Penn (9-22, 6-8 Ivy) closed out its season tonight with a loss to arch-rival Princeton (17-11, 10-4), 71-58, in a game that mattered little in the standings but plenty to the young men on the floor. In a performance evocative of its entire season, the Quakers hung around at first, before inconsistency took its toll and led to yet another disappointing defeat.
The Good: Tony Hicks (1st Half Edition)
In his final game of the season, the freshman came out like gangbusters, draining shots from all over the floor. Whether it was cutting and spinning to get to the basket, or pump-faking and firing away from the elbow, Hicks simply couldn't miss, dropping in 17 points on 7-9 shooting to energize the Palestra and carry the Quakers to a halftime tie while his struggling teammates combined to shoot 5-15. Even better, Hicks managed to take care of the ball as well, turning the ball over only once in the first period. If Hicks can turn in performances like that on a nightly basis next season, Penn will boast a backcourt that can potentially stand up to even mighty Harvard.
The Bad: Tony Hicks (2nd Half Edition)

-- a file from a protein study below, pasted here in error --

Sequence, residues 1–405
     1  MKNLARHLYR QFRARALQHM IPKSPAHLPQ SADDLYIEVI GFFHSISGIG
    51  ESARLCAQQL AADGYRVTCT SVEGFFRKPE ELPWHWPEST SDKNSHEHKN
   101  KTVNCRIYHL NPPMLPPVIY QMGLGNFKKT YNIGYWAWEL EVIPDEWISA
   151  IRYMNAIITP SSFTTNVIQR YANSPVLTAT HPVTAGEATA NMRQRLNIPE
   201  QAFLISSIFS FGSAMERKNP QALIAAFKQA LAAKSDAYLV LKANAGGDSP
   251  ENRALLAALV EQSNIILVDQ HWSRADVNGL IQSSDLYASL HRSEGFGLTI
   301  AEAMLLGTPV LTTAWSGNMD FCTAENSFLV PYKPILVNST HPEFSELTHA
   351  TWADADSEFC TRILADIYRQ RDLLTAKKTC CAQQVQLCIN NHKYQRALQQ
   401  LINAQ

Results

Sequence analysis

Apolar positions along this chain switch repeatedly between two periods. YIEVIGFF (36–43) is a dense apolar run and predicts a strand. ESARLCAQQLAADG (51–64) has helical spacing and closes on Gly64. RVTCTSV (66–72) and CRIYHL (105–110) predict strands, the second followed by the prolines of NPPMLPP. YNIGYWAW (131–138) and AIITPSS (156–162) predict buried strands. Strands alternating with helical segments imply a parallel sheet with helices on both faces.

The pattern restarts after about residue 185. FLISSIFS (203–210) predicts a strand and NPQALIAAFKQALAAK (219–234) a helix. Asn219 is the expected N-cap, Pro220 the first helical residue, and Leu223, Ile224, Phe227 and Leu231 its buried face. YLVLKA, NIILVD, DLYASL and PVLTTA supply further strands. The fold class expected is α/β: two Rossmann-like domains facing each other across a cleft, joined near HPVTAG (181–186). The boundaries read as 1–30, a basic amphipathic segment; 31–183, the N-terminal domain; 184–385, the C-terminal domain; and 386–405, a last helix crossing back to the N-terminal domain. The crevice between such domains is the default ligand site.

But in the 2nd half, the wheels came off. The Tigers' guards tightened up on Hicks the rest of the way, limiting him to only 5 points on an unsightly 2-10 shooting performance. In the blink of a eye, Hicks reminded us all of the inconsistency that plagued this year's Quakers squad during Ivy play: flashes of brilliance at times (a stunning upset over Harvard) cancelled out by moments of sheer futility (losing to Dartmouth at home). Like the rest of his class, Hicks still has a lot to learn.
The Ugly: Penn's Mental Effort in the final 5 minutes
Though there was technically nothing to play for in tonight's game, the reality is that a huge amount of pride is riding on every Penn-Princeton matchup. And in this, the 228th meeting between the two historic rivals, the Quakers showed none of that pride when the chips were down. Down by 2 with just over 5 minutes to play, the early fight that the Red and Blue showed simply disappeared when T.J. Bray hit a 3 from the right elbow to give Princeton a 56-51 lead. As a result, what could have been a nail-biting finish and another classic duel turned decidedly anticlimactic, as the Tigers rolled the rest of the way. If the Quakers want to contend in the Ivy League next year, they simply have to avoid fading after the opposition hits clutch shots.